Shortly after receipt of the cells, we recommend making an early passage bank. The cells can be kept in culture for typically 2 months, with passaging twice per week.

Adapta Universal Kinase Assay

In an assay designed to identify ATP-competitive inhibitors, the assay is typically run using an ATP concentration that is at or below the ATP Km value for the kinase of interest.

Because of the way Adapta assays are configured, it is very difficult to determine an ATP Km value using Adapta assays, and the ATP Km should be determined using another assay format (such as a traditional radiometric assay).

For many kinases where we have specifically developed an Adapta assay, we have determined the ATP Km in a radiometric assay. This data can be accessed in the Adapta Assay reactivity table.

It is important that the concentration of substrate present in the reaction is sufficient so it will not be limiting in the kinase reaction.

For example, if a kinase is assayed using 100 µM ATP, and the assay is performed such that data will be taken from the first 10% conversion of ATP to ADP (i.e., formation of 10 µM ADP), then 10 µM substrate will need to be converted to phosphorylated product. To ensure that the concentration of substrate will not limit the rate of the reaction over the course of this conversion, the substrate will need to be present at a concentration at least 5- to 10-fold above the concentration of ADP produced, (i.e., present at least at half the concentration of ATP that is used in the reaction).

Additionally, increasing the substrate concentration above this can often be beneficial by increasing the rate of the kinase reaction, therefore allowing less kinase to be used in the assay. In general, the benefits of using more substrate need to be weighed against practical matters such as substrate availability and cost.

In general, as the concentration of ATP goes up, more ADP Tracer is required.

The recommended Tracer concentrations for different ATP levels are stated on the antibody Certificate of Analysis that is provided with the kit (when using Kinase Buffer A, Cat. No. PV3189). The concentration of ADP Tracer can change with the manufacturing lot of antibody used.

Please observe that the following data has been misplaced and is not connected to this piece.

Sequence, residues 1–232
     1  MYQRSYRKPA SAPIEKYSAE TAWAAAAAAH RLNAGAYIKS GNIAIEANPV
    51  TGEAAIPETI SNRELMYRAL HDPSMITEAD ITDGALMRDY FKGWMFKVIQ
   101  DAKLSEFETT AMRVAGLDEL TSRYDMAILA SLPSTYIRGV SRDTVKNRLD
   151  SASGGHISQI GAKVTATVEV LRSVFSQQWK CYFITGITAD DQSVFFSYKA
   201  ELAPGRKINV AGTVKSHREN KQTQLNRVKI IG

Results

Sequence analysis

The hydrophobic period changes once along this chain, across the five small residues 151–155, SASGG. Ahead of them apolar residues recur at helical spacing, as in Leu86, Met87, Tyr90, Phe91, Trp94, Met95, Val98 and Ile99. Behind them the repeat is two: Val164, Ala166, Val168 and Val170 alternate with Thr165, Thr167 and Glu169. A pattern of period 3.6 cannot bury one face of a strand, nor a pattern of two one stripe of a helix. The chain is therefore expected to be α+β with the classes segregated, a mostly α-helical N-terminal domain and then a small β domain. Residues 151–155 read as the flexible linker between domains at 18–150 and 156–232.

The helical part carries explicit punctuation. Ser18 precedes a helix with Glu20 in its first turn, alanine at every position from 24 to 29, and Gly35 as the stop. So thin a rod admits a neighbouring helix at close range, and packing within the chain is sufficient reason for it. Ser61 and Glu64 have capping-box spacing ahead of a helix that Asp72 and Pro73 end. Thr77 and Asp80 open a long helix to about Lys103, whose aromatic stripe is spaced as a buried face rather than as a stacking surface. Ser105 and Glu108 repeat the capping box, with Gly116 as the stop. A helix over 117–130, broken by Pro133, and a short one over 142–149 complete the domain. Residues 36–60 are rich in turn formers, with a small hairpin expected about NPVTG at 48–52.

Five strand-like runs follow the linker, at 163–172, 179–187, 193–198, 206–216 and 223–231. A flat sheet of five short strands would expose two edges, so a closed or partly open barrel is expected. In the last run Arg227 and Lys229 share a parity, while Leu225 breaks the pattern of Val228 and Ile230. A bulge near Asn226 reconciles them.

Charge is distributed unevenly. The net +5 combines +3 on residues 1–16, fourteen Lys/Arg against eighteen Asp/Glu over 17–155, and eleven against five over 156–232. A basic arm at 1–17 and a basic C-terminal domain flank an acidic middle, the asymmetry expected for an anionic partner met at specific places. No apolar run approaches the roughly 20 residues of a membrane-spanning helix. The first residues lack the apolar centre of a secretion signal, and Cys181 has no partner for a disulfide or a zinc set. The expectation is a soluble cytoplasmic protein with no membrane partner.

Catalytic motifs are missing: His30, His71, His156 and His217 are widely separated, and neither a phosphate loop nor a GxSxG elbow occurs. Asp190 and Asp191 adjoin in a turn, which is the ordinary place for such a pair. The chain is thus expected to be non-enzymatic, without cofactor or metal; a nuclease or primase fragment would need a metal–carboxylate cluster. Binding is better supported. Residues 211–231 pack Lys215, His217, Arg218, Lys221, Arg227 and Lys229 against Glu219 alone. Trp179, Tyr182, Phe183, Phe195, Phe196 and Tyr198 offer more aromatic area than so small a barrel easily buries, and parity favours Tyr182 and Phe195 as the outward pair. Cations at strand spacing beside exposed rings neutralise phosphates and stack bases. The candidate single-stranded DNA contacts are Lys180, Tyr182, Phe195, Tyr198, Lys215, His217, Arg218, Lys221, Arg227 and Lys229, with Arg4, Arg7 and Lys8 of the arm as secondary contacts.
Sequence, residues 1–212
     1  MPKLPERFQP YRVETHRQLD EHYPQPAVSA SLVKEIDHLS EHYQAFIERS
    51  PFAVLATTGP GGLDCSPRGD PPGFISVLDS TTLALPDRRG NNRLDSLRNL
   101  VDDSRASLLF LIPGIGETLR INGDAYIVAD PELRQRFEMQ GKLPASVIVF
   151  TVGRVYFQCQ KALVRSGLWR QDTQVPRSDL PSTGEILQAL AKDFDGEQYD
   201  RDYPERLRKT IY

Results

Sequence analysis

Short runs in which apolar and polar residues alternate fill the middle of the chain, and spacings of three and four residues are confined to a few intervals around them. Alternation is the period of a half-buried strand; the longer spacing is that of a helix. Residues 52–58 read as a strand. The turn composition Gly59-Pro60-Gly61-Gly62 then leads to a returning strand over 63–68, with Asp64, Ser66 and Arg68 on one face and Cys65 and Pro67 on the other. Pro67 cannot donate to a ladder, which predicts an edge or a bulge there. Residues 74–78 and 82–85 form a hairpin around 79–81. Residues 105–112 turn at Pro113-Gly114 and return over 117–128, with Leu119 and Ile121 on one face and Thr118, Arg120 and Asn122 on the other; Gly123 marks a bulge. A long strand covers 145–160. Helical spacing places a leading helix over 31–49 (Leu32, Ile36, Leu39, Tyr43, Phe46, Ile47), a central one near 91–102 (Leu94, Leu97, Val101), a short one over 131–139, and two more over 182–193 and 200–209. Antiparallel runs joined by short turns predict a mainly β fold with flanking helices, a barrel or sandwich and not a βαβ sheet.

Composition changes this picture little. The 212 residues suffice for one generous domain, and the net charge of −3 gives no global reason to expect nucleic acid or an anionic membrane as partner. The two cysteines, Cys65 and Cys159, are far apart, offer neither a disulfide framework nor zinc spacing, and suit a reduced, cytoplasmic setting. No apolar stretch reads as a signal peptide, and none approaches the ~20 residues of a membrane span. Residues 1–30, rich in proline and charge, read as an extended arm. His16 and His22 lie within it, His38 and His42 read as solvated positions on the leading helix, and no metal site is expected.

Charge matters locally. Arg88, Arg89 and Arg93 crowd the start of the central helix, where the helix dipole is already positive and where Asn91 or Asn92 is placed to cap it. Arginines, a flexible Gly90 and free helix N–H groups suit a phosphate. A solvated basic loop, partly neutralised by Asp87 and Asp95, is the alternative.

Optimization of the concentration of ADP Tracer is described in the Adapta Universal Kinase Assay User Guide 

There is some affinity of ATP toward the ADP antibody.

The reason that the optimal concentration of Tracer changes as the concentration of ATP changes is because the antibody used in the Adapta assay has a slight affinity for ATP. At higher concentrations of ATP, ATP itself can compete with the Tracer for binding to the antibody. As a consequence, more Tracer is required in the assay in order to saturate 50% of the antibody with Tracer, since the Tracer must “compete off” this bound ATP.

The Adapta assay is what can generally be called an ADP accumulation assay. It detects the displacement of the ADP Tracer, an ADP analog, from the Eu-labeled anti-ADP antibody.  As more ADP is formed in the kinase reaction, more Tracer is displaced. When the Tracer is bound, the TR-FRET signal is high. When the Tracer is displaced, the TR-FRET signal is low. 

The sensitivity of the assay, that is, the amount of ADP that must be formed to displace half of the antibody-bound ADP Tracer (and determine the IC50), depends strongly on the percentage of the antibody that is bound with Tracer under the initial conditions when no ADP is present. 

Compare two cases. Case 1: Initially, 95% of the antibody is bound with Tracer. Case 2: Initially, 50% of the antibody is bound with Tracer. In the first case, significantly more ADP must be formed in order to fully displace Tracer from the antibody. For the second case, it will take less ADP formation to fully displace the Tracer. For case 1, the change in signal or assay window will be larger than in case 2. The IC50 is determined at the point when half of the Tracer is displaced. Since more ADP is required in case 1 to displace half of the Tracer, the IC50 will be right-shifted (less sensitive) compared to case 2. Select an assay window with the least amount of Tracer that will yield a Z’ Factor of >0.5. Do not optimize for maximum assay window.